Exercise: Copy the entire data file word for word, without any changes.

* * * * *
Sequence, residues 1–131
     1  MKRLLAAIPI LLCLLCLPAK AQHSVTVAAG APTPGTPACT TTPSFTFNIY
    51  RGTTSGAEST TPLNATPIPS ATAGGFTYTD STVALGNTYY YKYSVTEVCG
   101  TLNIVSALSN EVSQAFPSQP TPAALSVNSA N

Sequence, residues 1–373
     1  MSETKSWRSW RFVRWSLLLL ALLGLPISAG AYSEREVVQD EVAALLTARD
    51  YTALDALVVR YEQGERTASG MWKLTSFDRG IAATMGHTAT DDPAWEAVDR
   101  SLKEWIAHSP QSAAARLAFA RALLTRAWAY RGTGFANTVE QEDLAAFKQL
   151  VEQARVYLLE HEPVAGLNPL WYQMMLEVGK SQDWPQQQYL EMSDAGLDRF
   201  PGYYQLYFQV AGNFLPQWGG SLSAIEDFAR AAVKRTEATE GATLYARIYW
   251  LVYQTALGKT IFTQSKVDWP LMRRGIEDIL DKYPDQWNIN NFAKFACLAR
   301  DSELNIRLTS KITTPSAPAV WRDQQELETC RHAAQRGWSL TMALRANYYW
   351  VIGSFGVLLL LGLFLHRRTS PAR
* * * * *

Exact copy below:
Sequence, residues 1–131
     1  MKRLLAAIPI LLCLLCLPAK AQHSVTVAAG APTPGTPACT TTPSFTFNIY
    51  RGTTSGAEST TPLNATPIPS ATAGGFTYTD STVALGNTYY YKYSVTEVCG
   101  TLNIVSALSN EVSQAFPSQP TPAALSVNSA N

Sequence, residues 1–373
     1  MSETKSWRSW RFVRWSLLLL ALLGLPISAG AYSEREVVQD EVAALLTARD
    51  YTALDALVVR YEQGERTASG MWKLTSFDRG IAATMGHTAT DDPAWEAVDR
   101  SLKEWIAHSP QSAAARLAFA RALLTRAWAY RGTGFANTVE QEDLAAFKQL
   151  VEQARVYLLE HEPVAGLNPL WYQMMLEVGK SQDWPQQQYL EMSDAGLDRF
   201  PGYYQLYFQV AGNFLPQWGG SLSAIEDFAR AAVKRTEATE GATLYARIYW
   251  LVYQTALGKT IFTQSKVDWP LMRRGIEDIL DKYPDQWNIN NFAKFACLAR
   301  DSELNIRLTS KITTPSAPAV WRDQQELETC RHAAQRGWSL TMALRANYYW
   351  VIGSFGVLLL LGLFLHRRTS PAR